Not Without Light

On Sunday, Darren and I drove home from Maine with our two little nephews in tow. One of the boys was chattering from the backseat about the moon and about how dark it would be at night if we had no moon. The other nephew confidently informed us that earth has two suns and there was no convincing him otherwise–but that has nothing to do with this conversation :] My nephew’s chatter about the moon lighting up the night made me think of Genesis 1:16

“And God made two great lights; the greater light to rule the day, and the lesser light to rule the night: he made the stars also” (KJV).

It is interesting that in nature, as in life, God does not leave us without light. In the dark of night, God gives us light–even if just enough to find our way through the surrounding blackness.

I believe nature gives us a glimpse of God–of his nature and character. Like the words of a writer or the strokes of an artist tell something of their creator, so the restless ocean, the bird in flight, the sweeping prairie grass each tell something of their creator–of the Divine Artist who painted and wrote them into existence. God didn’t have to paint light into the darkness; he could have left us to wonder through the blackness until the sun’s return–but he didn’t. He gave us the moon and the stars with just enough light to give hope of the sun’s return.

The same is true in the blackness of our lives. There are dark days, sometimes dark months and years. But even in the darkness, there is light and hope. Sometimes the light is dim, veiled, hidden behind the clouds and difficult to find–but it’s there, it’s always there. God, the painter of light, creator of sun and moon, gives us his light–his hope and peace in the darkness.

If you are prodding in the darkness, feeling lost and unsure, know the light is there–behind the clouds, behind the heartache or uncertainty–the light is there, it’s always there.

“I believe in Christianity as I believe that the sun has risen: not only because I see it, but because by it I see everything else.” C.S. Lewis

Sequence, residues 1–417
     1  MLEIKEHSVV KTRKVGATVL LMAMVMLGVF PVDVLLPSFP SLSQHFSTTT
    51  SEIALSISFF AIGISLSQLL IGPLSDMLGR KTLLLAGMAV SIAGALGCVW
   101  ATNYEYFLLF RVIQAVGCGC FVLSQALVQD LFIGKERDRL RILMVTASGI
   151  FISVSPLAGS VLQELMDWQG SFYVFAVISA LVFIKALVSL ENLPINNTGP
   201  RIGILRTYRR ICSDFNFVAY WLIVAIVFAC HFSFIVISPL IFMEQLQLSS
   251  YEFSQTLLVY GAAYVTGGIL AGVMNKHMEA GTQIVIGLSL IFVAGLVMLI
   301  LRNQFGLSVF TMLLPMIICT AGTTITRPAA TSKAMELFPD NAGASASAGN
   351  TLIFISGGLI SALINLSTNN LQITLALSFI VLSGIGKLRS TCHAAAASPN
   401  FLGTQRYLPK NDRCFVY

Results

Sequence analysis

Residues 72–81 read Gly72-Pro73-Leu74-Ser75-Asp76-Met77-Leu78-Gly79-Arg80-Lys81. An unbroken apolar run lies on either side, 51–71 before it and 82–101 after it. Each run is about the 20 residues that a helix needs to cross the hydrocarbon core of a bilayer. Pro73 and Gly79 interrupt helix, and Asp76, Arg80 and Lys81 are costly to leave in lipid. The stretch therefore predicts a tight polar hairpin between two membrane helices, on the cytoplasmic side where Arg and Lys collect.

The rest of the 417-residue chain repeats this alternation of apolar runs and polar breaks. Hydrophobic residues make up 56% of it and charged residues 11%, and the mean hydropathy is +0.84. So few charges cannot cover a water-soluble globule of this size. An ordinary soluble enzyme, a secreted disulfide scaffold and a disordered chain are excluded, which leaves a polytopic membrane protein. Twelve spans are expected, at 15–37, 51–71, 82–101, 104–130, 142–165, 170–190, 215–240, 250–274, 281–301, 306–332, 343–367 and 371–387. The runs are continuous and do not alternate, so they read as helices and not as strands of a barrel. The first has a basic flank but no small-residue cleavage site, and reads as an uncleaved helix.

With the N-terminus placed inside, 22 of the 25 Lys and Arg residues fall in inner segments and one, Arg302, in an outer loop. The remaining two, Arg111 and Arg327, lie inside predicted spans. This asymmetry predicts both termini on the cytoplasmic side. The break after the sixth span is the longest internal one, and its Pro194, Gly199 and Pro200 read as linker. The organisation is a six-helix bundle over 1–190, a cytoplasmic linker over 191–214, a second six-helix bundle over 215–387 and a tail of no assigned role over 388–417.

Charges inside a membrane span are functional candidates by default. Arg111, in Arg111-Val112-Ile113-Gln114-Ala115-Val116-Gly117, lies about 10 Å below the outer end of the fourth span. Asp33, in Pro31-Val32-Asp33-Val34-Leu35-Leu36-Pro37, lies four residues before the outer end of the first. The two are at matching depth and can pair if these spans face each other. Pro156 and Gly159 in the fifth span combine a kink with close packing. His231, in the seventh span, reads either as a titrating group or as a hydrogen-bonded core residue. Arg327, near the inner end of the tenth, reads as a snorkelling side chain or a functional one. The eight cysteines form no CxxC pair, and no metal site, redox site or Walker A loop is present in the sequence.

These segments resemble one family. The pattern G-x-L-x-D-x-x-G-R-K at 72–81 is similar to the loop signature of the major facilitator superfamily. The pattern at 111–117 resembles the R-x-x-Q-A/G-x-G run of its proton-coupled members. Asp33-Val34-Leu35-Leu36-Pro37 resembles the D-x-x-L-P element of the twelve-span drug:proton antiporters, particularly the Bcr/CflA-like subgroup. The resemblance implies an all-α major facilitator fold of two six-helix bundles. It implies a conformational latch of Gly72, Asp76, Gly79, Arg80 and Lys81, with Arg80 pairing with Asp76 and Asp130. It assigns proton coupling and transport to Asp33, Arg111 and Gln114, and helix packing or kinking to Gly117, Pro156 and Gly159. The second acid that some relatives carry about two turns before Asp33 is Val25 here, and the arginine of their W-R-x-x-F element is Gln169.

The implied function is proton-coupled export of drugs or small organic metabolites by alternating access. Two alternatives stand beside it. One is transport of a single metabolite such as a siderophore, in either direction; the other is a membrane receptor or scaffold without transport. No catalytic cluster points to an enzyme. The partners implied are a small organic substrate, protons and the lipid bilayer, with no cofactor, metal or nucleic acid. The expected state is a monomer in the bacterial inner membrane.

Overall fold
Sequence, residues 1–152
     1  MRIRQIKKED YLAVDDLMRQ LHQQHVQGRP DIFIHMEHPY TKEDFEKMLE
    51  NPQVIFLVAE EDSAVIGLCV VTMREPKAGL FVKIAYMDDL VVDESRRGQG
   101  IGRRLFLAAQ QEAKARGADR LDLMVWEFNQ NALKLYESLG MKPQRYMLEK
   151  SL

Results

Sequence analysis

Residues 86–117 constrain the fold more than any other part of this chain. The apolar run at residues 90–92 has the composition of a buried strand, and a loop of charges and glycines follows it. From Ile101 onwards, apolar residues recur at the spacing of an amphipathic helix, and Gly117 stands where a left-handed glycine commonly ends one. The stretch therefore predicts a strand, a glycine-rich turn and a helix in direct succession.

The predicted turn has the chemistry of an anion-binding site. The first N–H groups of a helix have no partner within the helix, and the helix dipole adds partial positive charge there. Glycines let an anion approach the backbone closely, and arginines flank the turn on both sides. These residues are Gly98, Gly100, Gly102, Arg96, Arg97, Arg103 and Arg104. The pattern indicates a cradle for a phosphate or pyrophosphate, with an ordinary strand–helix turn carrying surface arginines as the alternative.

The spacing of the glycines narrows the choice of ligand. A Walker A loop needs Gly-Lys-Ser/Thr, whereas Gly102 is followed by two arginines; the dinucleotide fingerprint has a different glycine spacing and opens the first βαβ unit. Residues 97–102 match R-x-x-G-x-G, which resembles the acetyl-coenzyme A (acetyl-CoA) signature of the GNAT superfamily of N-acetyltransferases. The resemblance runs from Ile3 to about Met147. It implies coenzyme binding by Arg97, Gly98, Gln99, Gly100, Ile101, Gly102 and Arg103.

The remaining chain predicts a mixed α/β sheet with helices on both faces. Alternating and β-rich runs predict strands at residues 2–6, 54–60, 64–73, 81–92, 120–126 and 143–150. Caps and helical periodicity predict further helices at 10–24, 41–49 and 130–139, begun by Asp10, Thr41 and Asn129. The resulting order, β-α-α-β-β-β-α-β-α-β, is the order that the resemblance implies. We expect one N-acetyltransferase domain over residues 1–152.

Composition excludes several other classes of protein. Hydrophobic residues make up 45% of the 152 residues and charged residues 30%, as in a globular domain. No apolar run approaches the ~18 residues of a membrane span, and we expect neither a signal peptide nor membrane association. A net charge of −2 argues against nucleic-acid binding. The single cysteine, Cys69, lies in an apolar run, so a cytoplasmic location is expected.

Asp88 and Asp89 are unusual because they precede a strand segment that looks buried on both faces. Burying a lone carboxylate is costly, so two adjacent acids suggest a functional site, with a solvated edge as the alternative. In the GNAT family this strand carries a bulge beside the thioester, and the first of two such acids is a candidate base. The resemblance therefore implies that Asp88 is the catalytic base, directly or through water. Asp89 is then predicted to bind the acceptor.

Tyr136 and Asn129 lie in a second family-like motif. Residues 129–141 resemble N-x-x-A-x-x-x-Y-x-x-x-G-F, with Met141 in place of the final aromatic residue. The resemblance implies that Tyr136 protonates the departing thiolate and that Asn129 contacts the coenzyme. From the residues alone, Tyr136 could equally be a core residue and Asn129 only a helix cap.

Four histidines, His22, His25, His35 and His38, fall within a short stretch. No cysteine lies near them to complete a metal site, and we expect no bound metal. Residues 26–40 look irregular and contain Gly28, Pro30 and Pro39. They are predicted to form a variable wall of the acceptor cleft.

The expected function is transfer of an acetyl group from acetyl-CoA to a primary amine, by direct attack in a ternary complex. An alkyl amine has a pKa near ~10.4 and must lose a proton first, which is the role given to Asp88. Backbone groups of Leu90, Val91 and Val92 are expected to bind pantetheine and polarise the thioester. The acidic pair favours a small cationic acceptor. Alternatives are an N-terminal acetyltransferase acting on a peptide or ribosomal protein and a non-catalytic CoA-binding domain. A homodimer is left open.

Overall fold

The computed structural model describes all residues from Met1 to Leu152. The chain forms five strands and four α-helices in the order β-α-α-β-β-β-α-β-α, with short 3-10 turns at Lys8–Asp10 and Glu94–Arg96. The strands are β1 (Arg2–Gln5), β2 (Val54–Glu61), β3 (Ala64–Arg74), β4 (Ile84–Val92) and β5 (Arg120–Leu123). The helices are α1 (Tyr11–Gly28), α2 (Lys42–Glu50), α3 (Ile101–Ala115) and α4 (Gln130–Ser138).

16 thoughts on “Not Without Light

  1. Pingback: Light in the darkness | Wondering Preacher

  2. First of all, I absolutely LOVE the picture you inserted into your post. Thank you for reminding us of how the world around us tells us of our Creator. I am often amazed at the beauty of creation… things like the artistry of an incredible sunset, the delicate nature of the tiniest little flower, the majesty of the mountains, or the vastness of the ocean that makes me feel small and powerless until I realize that the Creator of that powerful force of water created me as well and loves me with an everlasting love. Nature does tell us of the creativity, power, and wonder of God.

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  3. Amen. Thank you, Kari. I pray that all who need to hear this will find it and through it, see that Jesus is the Light of the World and He is with them no matter how dark things are in their lives. He is with us even if we go down to the depths (Ps. 139:7-12). Even in the valley of the shadow of death, He is the Good Shepherd who guides us and protects us (Ps. 23, Jn. 10). May the Lord continue to bless you and grow you in Him! Your writing is a beautiful gift! Thank you for sharing it.
    Love in Christ,
    Natalie

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  4. Moving. Thank you. I often ponder on the brushstrokes of our Lord in the sky. Nothing matches the palette He uses at sunrise and sunset. The car ride sounded like a cozy conversation and thank you for allowing us to be part of it.

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  5. How beautiful. It is a gift and as I receive it I say thank you, Kari. How very tenderly and lovingly written. I am a big fan of C.S. Lewis and a fan of your blog. A double portion today. Blessings…

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  6. Great post, Kari, some of the wisest things I’ve ever heard came from kids. This reminded me of some lessons on color discernment from a painting class in college. Two colors very few humans will ever experience in their truest form are black and white. Black is the absence of all color in the light spectrum, so “seeing black” is actually an oxymoron since light is required to see. What we call black is actually an extremely dark shade of another color. Spelunkers who explore deep caverns completely void of light can feel the empty void of true black. White, on the other hand, is the presence of all color. Like black, what we call ‘white’ is an extremely light value of a color. True white would be so bright we could not look at it. Even God’s color selection for painting creation points us to Him.

    A bit of a rabbit hole from the point you make, but I’m glad you led me back to it! Thank you!

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  7. A wonderful reminder Kari. I am forever amazed at the beauty and the complexity of our universe. God’s handiwork shouts of His existence, from every tiny blade of grass to the sun, moon and stars- He is there.

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